Yesterday in worship, during the announcements, I took off my preacher robe to reveal a Snow White costume. It was both a promotion for our Trunk or Treat (come Trick or Treat in Southminster’s parking lot this friday at 7!) and then a dwarf came in and we did a bit about Stewardship.
Sleepy and Snow White decided the other youth dwarves should no longer be working in the mines to fund the youth program.
I also led the Time with the Children dressed as Snow White. I asked the kids what Snow White had to do with Jesus and was gratified the kids all looked at me with blank stares before I said “absolutely nothing!” I went on to teach them how to read fairy tales from a feminist perspective. (Any woman who can run a house full of seven men doesn’t need a prince in order to live to her full potential.)
These pictures were taken by members of the congregation during worship and posted on Facebook. Which brings up some observations for me.
A few years ago, I would have not been a fan of using social media during worship. I suspect I would (had I really thought about it) have thought it meant people weren’t paying attention in worship or weren’t engaged. And clearly, it is easy to be distracted.
But now it feels organic. It feels like we’re extending the walls of the sanctuary to include people who might some day walk through the door. It feels like we are including people who will never walk through the doors. It makes worship feel more expansive, somehow.
We’re working on how to incorporate social media into worship in a cohesive way after reading this article. Here’s our congregation’s Facebook page. We’ve been using that more than Twitter, but I suspect that will grow too.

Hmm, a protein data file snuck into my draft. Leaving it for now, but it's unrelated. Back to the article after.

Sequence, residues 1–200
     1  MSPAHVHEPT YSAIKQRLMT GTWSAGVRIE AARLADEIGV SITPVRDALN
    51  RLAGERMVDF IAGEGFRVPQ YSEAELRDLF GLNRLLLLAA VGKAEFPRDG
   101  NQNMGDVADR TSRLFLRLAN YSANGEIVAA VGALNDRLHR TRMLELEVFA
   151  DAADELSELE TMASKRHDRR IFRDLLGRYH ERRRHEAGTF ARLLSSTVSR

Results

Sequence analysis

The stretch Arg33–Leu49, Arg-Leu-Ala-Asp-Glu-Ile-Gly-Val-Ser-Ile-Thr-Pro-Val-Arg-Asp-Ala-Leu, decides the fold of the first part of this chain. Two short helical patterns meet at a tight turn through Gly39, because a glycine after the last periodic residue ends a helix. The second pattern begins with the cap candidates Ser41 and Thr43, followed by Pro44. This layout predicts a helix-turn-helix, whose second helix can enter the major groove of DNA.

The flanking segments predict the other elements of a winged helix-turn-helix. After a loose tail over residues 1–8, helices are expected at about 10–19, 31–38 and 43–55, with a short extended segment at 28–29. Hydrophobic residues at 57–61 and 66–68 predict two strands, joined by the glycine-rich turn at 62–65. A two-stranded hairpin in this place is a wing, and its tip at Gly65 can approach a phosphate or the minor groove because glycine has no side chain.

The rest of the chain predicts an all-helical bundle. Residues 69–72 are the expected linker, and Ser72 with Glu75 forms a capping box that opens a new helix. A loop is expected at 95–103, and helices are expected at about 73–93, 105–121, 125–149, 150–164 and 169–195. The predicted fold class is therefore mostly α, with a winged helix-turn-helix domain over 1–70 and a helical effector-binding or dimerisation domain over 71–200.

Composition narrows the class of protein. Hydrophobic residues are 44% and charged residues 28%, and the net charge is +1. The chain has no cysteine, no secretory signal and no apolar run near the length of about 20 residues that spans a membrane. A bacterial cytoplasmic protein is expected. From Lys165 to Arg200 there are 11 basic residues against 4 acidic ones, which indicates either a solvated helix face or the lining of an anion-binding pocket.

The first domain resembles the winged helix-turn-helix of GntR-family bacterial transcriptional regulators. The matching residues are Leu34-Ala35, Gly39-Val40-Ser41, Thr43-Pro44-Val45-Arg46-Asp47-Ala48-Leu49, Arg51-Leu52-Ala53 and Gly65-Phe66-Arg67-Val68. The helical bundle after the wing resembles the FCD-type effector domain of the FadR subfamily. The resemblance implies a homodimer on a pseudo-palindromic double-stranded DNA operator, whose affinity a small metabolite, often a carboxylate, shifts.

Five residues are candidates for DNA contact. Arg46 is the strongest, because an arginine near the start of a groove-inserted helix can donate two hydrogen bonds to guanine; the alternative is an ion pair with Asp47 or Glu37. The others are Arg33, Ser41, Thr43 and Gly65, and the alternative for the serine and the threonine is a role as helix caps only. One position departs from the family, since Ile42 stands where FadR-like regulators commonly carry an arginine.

The response to the pictures on Facebook were surprising to me in another way too, though. People (mainly people who know me outside of church–childhood and college friends) seemed really surprised I would do this. But it didn’t seem like such a big deal to me at the time. And so I pondered that discrepancy.
And the more I looked at the picture, the more I realized I have changed. I’m not sure a year ago I would have dressed up like a Disney Princess in such a public manner.
I’ve always been an extrovert, but I’ve not always been comfortable or confident when the cameras were pointed my direction. I certainly would not have allowed tags of myself in those photos or used them on my blog.
People don’t always believe me when I say that. Apparently the fact that I get up in a pulpit and preach each week is mistaken for confidence. But public speaking is just what I do. It hasn’t always indicated comfort with public attention. (Am I an enigma wrapped in a paradox? Perhaps.)
My word for the year was Adventure. Maybe this just another piece of me being adventurous. Will continue to ponder.
But I’m more comfortable in my own skin these days. Maybe others don’t see that when they see a grown woman in a Disney Princess costume, but I do. And I’m thankful for it.